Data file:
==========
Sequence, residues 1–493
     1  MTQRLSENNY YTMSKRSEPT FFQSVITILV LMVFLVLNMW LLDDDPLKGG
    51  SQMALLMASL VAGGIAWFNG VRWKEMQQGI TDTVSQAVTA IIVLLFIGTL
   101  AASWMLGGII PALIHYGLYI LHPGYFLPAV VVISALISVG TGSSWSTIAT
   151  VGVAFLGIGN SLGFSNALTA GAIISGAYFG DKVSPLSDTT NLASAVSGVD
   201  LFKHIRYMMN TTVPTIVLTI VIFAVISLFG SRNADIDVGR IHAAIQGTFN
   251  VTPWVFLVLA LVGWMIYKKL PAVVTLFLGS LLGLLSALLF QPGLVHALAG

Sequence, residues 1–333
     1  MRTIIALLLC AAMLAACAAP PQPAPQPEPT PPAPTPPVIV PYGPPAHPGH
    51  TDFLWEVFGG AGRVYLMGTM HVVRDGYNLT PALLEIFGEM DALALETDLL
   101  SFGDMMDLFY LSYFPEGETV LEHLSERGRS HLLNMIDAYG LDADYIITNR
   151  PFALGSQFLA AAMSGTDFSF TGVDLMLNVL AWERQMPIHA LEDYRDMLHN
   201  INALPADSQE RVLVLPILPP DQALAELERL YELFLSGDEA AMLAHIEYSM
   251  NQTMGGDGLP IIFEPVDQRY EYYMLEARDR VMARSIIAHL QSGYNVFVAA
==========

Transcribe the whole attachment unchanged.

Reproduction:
Sequence, residues 1–493
     1  MTQRLSENNY YTMSKRSEPT FFQSVITILV LMVFLVLNMW LLDDDPLKGG
    51  SQMALLMASL VAGGIAWFNG VRWKEMQQGI TDTVSQAVTA IIVLLFIGTL
   101  AASWMLGGII PALIHYGLYI LHPGYFLPAV VVISALISVG TGSSWSTIAT
   151  VGVAFLGIGN SLGFSNALTA GAIISGAYFG DKVSPLSDTT NLASAVSGVD
   201  LFKHIRYMMN TTVPTIVLTI VIFAVISLFG SRNADIDVGR IHAAIQGTFN
   251  VTPWVFLVLA LVGWMIYKKL PAVVTLFLGS LLGLLSALLF QPGLVHALAG

Sequence, residues 1–333
     1  MRTIIALLLC AAMLAACAAP PQPAPQPEPT PPAPTPPVIV PYGPPAHPGH
    51  TDFLWEVFGG AGRVYLMGTM HVVRDGYNLT PALLEIFGEM DALALETDLL
   101  SFGDMMDLFY LSYFPEGETV LEHLSERGRS HLLNMIDAYG LDADYIITNR
   151  PFALGSQFLA AAMSGTDFSF TGVDLMLNVL AWERQMPIHA LEDYRDMLHN
   201  INALPADSQE RVLVLPILPP DQALAELERL YELFLSGDEA AMLAHIEYSM
   251  NQTMGGDGLP IIFEPVDQRY EYYMLEARDR VMARSIIAHL QSGYNVFVAA